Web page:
As Kenya prepares to commemorate 100 years since the end of World War I in 1918, Saturday November 3, 2018 will remain etched in the minds of Wakasighau community in Voi sub county of Taita-Taveta for a long period to come.
This is the day they interred the remains of a fellow clansman who was among those banished to concentration and labour camps as far away as Malindi by the British Army during the war period (1914 to 1917) into her final resting place in Bungule village.
The victim, Alice Wali Mkoba who died at the ripe age of 114 years earlier in the week, had been forcefully evicted together with others from their beloved homes for what the British termed as betrayal which caused the colonial army to suffer heavy casualties after being ambushed by the Germans who had occupied Tanganyika.
Her kinsmen from the villages of Rukanga, Jora, Kiteghe, Bungule and Makwasinyi where this sub-ethnic tribe of Taita reside came in their numbers to give their last respect to the war survivor.
Speaker after speaker poured their hearts out describing how she was their only remaining reminder of the untold sufferings at the hands of colonialists – the British who evicted them from their beloved land and moved them to Pangani and Magarini in Kilifi district where they lived in appalling conditions.
After years of suffering in Malindi concentration camps, Wali and her community were later transported back for resettlement in Mwatate and thereafter in 1936 back to Kasighau where they still are smarting from the effects of the war without anything good to write home about.
Nearly 100 years after the end of hostilities in 1918, the horrors of the war are still part of local folklore.
Commemoration for this important event are set take place between November 23 to 25, 2018.
The war started in 1914 and the first shot that signified its spread to the region was fired at the Taveta District Commissioner’s office on August 15 of the same year.
Confirming this sad incident Willy Mwadilo who is the General Manager of Savora Hotels noted that the community was forcefully removed from their farms by the British and taken to Malindi after they were accused of colluding with the Germans in the war.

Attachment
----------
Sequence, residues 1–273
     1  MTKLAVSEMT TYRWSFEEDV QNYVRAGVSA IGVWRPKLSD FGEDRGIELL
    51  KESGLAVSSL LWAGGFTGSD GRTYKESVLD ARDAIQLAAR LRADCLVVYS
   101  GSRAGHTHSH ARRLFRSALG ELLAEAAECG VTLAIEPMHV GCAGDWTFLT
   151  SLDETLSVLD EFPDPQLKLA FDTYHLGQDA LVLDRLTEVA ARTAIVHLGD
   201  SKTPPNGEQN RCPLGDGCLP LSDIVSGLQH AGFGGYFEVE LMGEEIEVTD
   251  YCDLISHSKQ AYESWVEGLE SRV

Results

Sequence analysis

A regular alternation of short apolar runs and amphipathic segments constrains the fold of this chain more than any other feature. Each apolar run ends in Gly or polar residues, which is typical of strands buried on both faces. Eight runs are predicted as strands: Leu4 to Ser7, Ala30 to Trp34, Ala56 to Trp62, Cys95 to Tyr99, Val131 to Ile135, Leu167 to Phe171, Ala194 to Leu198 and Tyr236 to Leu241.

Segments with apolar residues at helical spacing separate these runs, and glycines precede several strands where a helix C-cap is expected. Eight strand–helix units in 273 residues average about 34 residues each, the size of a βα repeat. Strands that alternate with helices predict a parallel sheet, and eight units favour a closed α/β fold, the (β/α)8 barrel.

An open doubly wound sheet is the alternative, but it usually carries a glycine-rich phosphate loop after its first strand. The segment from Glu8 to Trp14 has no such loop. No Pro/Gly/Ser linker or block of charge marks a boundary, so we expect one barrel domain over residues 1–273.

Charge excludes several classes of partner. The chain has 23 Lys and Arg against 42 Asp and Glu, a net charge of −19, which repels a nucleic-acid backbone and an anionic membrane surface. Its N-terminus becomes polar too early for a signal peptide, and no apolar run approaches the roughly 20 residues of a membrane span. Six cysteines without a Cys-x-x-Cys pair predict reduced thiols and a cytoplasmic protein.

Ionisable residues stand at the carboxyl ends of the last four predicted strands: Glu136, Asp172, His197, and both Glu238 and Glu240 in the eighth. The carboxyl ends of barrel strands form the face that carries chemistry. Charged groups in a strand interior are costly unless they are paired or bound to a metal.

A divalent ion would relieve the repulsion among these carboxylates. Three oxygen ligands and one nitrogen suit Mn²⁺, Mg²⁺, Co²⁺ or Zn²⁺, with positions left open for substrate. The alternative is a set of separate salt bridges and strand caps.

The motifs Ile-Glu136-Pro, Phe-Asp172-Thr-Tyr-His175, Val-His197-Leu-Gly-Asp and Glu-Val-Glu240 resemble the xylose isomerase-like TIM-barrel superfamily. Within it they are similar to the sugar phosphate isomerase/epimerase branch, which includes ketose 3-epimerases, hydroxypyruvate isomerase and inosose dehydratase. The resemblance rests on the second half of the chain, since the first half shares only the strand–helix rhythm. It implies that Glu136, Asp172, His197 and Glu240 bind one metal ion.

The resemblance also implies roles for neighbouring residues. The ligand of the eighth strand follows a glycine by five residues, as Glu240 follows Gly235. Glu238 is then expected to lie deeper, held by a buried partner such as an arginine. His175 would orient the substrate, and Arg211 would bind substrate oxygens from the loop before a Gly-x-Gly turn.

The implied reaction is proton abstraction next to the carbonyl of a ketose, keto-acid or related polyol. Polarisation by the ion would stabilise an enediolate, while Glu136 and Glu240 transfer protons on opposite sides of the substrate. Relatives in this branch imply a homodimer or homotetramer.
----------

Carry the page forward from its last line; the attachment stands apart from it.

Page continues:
He said the community is still demanding compensation for the damage and injuries it suffered during the war.
“We want the two countries whose armies were involved in pitched battles in the area with devastating consequences, to compensate the Kasigau community or fund community projects to transform their lives,” said Mwadilo.
He said such an initiative will offer them some relief considering they suffered horrifying effects of the war.
“If the British government paid out the Mau Mau war veterans for fighting for independence, why not compensate the innocent locals who now live like squatters on their own ancestral land who were caught in the cross fire of the war between the two countries? Mwadilo posed.
This year’s event is expected to promote battlefield tourism as it will attract many visitors.
But what the world may not know is that the locals suffered a lot in the war that involved foreign protagonists said Dishan Kizaro.
“This was one of the worst moments in my community’s history. They walked on foot from Kasigau to Maungu town without food and water. From there they were loaded onto a train to Mombasa and thereafter into a waiting ship to Malindi,” Kizaro who is a former civic leader said.
“The elderly who could not walk, died of hunger as they were left behind,” he recounted.
Kizaro describes the experience as too dehumanizing and a historical injustice that deserves reparation adding that their chief known as Mwangojilo who tried to resist against them British was killed in cold blood.
“The soldiers had accused residents of providing information to the Germans despite the fact that residents could not even differentiate between the two groups of white soldiers,” Kizaro says.
History has it that the punishment was meted out after a native by the name Mzoghora went to harvest honey in the forest where he encountered a group of German soldiers who demanded to know the whereabouts of their rival British army.
Unfortunately the little information this man gave to the Germans was the genesis of historical injustices to his people for instance under-development in areas like education, health and the like.
The area member of the county assembly Ibrahim Juma has also joined other leaders in demanding for compensation from both the Germans and British saying that because of their action, the locals continue to suffer as they live in abject poverty let alone owning land titles.
“Our community has suffered deprivation following forced eviction from our ancestral land by the British. We are still behind in development compared to other communities in the region who did not suffer as much as we did,” Juma said.
Meanwhile, a Voi based lawyer, Duncan Mwanyumba has vowed to sue the two European governments to claim compensation for the people of Kasighau.
Mwanyumba who also addressed the mourners wondered why these people cannot be treated the same way the Mau Mau veterans were.
“Our people must and will be paid for the suffering which was not their own making,” said the lawyer.
“For 22 years they were away from home, resulting in disintegration as some of the wakasighau are settled in Dalunyi and Maramba locations in Tanga, Tanzania.
It is hope against hope for these people that the death of Wali who has left behind 73 grandchildren, 250 great-grand-children and 59 great-great grandchildren would bring good tidings.
By Fatuma Jumeah